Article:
University of Liberia Graduates More Than 200 New Teachers

FENDELL, Montserrado- The University of Liberia on Tuesday graduated 221 new classroom teachers from its William V.S. Tubman Teachers College, amid the shortage of professional teachers currently in classrooms across the country. Women top the number of new graduates.

Liberia faces a severe shortage of qualified teachers. In fact, besides the need for the 6,000 teachers to fill spaces in classrooms, only half of existing teachers are considered qualified for the grades they teach, which presents a significant hindrance in the learning outcomes of students.

In March this year, President George Weah created a public relations nightmare by requesting 6,000 teachers from the government of Nigeria as part of a technical assistance agreement between the two countries.

Meanwhile, if they are properly placed, the newly graduated teachers would help to narrow the gap of the shortage of qualified teachers which remains a major challenge affecting the country’s education system.

The ceremony marked the second day of the 99th commencement convocation of the university.

Presenting the candidates for the conferring of degrees, the dean of the Teachers College, Cecelia Cassell, disclosed the need to invest more in the education sector, in order to achieve the government’s pro-poor agenda.

Cassell although the Teachers College continues to immensely contribute to filling the gap of teacher deficit in the country, its efforts must be buttressed through adequate budgetary and logistics support.

“Our students need to have hands-on training to practice the pedagogical skills we are impacting in them, so a fully equipped and well functional demonstration school is needed to sustain the effort we are making,” she said.

“It is through teachers’ education that teachers acquire the knowledge and skills needed to help transform the lives of citizens for the better of any nation.”

Montserrado’s first district representative, Lawrence Morris who delivered the keynote address reasoned with the call to increase government’s support to education in the country.

Morris implored his colleagues at the legislature to increase budgetary support for the education sector as evidence to demonstrate their value in education.

Speaking on ‘the importance of teachers’ education to national development’, the lawmaker said the professional challenges faced by Liberia are numerous and enormous, but they are not insurmountable.

“While there is not much that you can do to affect the economy, you can be tough-minded and vocal about what it means to teach, because it emulates from you, how the minds of the young people will be developed in curving and shaping development and how things will improve or deteriorate,” he said.

He noted that teachers play a central role in the development of young people, adding that the graduates are entering the profession at a time when educational authorities are striving to balance their budgets through cuts.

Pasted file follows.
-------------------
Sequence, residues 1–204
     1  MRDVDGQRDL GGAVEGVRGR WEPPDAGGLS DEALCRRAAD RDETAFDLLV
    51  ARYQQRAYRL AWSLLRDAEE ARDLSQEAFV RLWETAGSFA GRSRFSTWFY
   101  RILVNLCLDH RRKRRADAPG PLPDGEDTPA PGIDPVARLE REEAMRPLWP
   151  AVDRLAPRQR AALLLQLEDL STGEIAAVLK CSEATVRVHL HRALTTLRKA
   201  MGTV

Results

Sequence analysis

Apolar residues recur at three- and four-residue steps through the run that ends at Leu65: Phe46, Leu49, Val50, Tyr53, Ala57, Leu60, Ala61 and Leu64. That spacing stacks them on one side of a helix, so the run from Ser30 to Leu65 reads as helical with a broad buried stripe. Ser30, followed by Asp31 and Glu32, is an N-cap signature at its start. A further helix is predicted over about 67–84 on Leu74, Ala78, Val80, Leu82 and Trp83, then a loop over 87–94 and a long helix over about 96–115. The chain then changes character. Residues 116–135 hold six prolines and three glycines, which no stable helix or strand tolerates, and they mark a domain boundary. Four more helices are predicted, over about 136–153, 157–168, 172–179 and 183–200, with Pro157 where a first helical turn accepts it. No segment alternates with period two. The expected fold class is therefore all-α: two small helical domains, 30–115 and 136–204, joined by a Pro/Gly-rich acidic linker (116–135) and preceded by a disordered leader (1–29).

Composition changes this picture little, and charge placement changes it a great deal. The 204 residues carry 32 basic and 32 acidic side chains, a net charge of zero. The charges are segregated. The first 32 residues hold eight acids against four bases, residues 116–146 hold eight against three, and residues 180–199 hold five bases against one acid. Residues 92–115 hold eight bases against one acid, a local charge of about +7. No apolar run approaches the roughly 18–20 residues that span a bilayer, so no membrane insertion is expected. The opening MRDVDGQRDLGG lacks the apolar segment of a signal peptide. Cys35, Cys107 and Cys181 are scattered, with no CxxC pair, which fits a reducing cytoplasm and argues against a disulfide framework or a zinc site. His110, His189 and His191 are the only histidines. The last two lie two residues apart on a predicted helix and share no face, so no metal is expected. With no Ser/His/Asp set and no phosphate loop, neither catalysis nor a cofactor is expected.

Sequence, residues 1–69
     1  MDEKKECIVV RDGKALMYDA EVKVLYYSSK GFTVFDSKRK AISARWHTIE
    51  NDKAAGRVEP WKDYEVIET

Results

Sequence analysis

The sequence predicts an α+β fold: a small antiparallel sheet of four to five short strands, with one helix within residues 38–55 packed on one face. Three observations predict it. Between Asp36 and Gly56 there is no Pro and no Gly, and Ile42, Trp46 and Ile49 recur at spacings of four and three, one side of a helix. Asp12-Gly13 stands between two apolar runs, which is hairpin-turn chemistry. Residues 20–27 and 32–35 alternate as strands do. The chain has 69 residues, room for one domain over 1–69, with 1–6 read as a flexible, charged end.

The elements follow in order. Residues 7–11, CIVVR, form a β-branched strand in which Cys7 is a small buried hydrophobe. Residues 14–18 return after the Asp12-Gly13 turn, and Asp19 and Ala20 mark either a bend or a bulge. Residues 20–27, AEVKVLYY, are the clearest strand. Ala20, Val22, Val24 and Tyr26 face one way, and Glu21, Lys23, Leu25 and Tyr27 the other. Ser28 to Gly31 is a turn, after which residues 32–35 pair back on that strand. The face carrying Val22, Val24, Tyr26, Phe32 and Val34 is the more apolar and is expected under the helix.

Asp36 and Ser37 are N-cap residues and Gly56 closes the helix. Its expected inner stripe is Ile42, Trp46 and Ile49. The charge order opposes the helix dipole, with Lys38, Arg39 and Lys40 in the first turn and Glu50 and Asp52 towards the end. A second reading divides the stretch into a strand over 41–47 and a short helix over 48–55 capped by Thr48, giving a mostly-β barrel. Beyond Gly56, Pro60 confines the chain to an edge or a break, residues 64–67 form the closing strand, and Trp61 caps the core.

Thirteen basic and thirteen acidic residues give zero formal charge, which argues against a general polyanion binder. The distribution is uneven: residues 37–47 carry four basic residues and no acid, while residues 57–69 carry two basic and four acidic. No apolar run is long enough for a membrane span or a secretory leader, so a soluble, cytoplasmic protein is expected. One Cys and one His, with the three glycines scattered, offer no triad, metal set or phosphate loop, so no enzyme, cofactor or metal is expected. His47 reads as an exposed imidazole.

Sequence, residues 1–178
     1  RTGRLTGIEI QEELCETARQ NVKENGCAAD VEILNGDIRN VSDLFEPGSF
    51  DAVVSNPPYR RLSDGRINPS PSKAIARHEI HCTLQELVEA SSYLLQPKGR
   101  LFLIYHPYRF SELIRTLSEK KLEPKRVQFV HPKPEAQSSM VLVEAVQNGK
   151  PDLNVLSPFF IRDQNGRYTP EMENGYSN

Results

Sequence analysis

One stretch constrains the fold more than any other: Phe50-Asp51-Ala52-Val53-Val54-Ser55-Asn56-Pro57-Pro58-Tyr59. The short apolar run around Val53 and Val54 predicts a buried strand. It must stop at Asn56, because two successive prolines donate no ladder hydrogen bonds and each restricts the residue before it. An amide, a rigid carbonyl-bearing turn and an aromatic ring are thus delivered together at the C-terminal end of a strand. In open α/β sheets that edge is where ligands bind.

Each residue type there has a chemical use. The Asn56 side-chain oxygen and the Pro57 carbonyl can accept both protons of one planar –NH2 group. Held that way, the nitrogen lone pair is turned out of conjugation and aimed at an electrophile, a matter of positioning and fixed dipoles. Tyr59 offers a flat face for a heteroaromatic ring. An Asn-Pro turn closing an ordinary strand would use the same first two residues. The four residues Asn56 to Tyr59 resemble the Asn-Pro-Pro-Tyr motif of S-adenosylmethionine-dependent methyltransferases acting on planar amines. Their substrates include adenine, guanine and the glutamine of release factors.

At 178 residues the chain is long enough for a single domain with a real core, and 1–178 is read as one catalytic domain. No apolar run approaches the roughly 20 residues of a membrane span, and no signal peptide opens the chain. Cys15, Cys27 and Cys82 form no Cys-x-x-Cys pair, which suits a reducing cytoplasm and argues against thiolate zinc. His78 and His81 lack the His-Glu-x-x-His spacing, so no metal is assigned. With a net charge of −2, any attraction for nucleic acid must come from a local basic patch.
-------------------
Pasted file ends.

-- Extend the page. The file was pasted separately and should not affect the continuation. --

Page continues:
“Teachers are universally praised for finding solutions to educational problems; they are also condemned as the root causes for all of the problems with schools in Liberia,” he also added.

He further acknowledged that there exists an ideological battle to give proper definition to teaching, contending that this rests with those who go through the pedagogical training to teach.

The lawmaker at the same time encouraged the graduates to cherish their calling as teachers.  “Teachers are knowledge delivery mechanism whose effectiveness will be determined primarily by how literate and civilized a society is.”

He said educational authorities should encourage young Liberians to take to teaching as an intellectual journey that will transform the country for the better.

He noted that teaching is a profoundly intellectual activity that shapes development in all walks of life, and as such, the need to support teaching in every society including Liberia cannot be overemphasized.

“The good primary teacher knows about child development and how to engage young people across a range of subjects; he or she listens to see who needs help; thinks on his or her feet; knows how to answer wrong questions and provide an art example or comparison to guide towards clearer thinking,” he emphasized.

For her part, UL president, Ophelia Weeks, urged the graduates to see themselves as ambassadors charged with the responsibility to mold the minds of young people into proud citizens.

The 99th commencement was officially launched on Monday with 611 students earning Bachelor of Arts degree in the social sciences, including Mass Communication. The commencement exercises continue with the Science and Agriculture colleges, on Wednesday and Thursday, respectively.

Featured photo by University of Liberia

Gbatemah Senah

Gbatemah is a graduate of the University of Liberia and a recipient of the Jonathan P. Hicks Scholarship for Mass Communications. In 2017, Senah won three Press Union of Liberia awards: Women's Rights Reporter of the Year, Legislative Reporter of the Year, and Land Rights Reporter of the Year. In 2018, he was also recognized as the Land Rights Reporter of the Year.

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